Parental alcohol intoxication and adverse health outcomes among offspring. A 4-year follow up HUNT study among 2399 Norwegian adolescents
Peer reviewed, Journal article
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Original versionPreventive Medicine Reports. 2020, Preventive Medicine Reports 20 (2020) 101170 . http://dx.doi.org/10.1016/j.pmedr.2020.101170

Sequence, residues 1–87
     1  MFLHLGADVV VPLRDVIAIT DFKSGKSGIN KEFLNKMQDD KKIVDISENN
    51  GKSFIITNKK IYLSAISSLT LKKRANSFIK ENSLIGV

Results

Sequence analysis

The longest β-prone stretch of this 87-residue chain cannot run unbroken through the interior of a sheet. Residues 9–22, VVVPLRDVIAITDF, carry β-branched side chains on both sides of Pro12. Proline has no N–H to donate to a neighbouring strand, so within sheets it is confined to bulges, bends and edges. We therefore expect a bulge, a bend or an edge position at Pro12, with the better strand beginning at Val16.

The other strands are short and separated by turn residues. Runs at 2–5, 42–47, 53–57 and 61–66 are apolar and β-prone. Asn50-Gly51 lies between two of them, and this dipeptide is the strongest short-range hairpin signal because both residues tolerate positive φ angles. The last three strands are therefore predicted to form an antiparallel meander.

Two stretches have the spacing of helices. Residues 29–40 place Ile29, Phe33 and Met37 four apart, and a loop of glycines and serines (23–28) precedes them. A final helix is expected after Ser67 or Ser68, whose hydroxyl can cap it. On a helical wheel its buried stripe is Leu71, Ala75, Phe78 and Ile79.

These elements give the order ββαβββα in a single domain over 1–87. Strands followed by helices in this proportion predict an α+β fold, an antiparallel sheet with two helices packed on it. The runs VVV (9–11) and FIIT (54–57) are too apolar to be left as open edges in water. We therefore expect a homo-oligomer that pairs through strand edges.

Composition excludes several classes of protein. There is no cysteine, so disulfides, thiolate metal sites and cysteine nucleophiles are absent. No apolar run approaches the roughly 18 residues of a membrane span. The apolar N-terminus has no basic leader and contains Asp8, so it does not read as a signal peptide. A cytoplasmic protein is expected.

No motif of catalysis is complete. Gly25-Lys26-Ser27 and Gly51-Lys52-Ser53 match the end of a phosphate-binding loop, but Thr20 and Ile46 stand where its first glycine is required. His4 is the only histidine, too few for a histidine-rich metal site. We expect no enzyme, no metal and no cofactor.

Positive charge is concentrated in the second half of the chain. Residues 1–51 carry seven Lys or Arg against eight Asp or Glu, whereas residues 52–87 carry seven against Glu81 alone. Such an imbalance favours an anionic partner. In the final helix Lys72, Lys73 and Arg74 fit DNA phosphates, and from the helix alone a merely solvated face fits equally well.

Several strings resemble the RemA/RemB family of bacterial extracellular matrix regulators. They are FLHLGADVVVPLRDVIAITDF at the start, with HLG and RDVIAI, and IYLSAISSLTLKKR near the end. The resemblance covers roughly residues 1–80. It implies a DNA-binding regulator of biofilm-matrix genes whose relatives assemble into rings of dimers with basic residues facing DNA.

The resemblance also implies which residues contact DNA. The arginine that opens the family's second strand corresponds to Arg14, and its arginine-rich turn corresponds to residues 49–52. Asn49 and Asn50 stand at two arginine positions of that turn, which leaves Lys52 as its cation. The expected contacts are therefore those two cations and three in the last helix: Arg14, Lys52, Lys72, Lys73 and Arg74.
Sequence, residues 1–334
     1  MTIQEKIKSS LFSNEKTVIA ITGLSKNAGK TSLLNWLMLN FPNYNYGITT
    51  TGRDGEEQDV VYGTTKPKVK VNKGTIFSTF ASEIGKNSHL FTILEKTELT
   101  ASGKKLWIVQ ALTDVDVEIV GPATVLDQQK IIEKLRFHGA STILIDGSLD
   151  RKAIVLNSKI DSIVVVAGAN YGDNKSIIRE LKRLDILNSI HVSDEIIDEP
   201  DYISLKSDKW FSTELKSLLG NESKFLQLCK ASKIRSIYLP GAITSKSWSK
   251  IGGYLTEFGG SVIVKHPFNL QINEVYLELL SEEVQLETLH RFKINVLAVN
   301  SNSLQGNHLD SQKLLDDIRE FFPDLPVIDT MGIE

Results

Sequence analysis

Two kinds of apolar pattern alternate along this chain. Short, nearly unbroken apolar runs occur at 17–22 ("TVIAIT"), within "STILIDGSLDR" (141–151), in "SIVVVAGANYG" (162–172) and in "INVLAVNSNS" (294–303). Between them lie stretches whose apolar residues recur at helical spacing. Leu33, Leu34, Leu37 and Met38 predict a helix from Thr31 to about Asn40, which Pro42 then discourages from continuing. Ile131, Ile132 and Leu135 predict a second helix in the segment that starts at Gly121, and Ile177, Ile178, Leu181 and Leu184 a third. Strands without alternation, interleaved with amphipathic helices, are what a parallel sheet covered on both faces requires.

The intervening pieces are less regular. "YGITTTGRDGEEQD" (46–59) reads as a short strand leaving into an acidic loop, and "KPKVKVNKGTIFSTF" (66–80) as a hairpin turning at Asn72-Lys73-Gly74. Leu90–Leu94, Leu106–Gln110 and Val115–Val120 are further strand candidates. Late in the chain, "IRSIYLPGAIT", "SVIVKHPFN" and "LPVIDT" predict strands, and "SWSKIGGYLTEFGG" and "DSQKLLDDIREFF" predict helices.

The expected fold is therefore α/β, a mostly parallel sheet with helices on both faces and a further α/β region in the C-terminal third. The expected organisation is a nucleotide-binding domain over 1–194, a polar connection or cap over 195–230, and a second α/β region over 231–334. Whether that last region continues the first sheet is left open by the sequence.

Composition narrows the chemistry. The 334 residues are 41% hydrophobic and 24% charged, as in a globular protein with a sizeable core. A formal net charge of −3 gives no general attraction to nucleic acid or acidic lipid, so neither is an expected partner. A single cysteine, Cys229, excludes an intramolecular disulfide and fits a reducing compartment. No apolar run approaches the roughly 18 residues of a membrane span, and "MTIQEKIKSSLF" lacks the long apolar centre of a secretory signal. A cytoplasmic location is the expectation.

This study aimed to investigate whether experience of parental alcohol intoxication was associated with adverse health outcomes among adolescents four years later. A population-based Norwegian cohort study of 2399 adolescents who participated in the Young-HUNT1 Survey 1995–97 (T1, 13–15 years old) was followed up four years later (T2) in 2000 (Young-HUNT2, 17–19 years old). Measures were based on adolescent self-report of exposure to parental alcohol intoxication, self-rated general health, mental distress (SCL-5) and lifetime hospital admission. Multivariable logistic regression analyses, adjusted for gender, age and parental education were applied. Results show that half of the adolescents (51%) had seen parents intoxicated at age 13–15 years. Four years later, those who had reported parental alcohol intoxication at T1 had increased odds of admission to hospital with odds ratios ranging from OR1.3; CI 1.0–1.7 to OR 2.2; CI 1.3–3.9, poorer self-rated health (odds ratio ranging from 1.8;1.2–2.6 to 2.0;1.1–3.7) and more mental distress (odds ratio ranging from 1.7;1.1–2.5 to 1.9;1.0–3.6). Furthermore, the increased frequency of experience of parental alcohol intoxication are associated with higher prevalence of admission to hospital and mental distress and lower levels of self-rated health. Findings from this large, representative population of Norwegian adolescents indicate that adverse health outcomes among adolescents in a general population are related to relatively common heavy drinking behaviours among parents.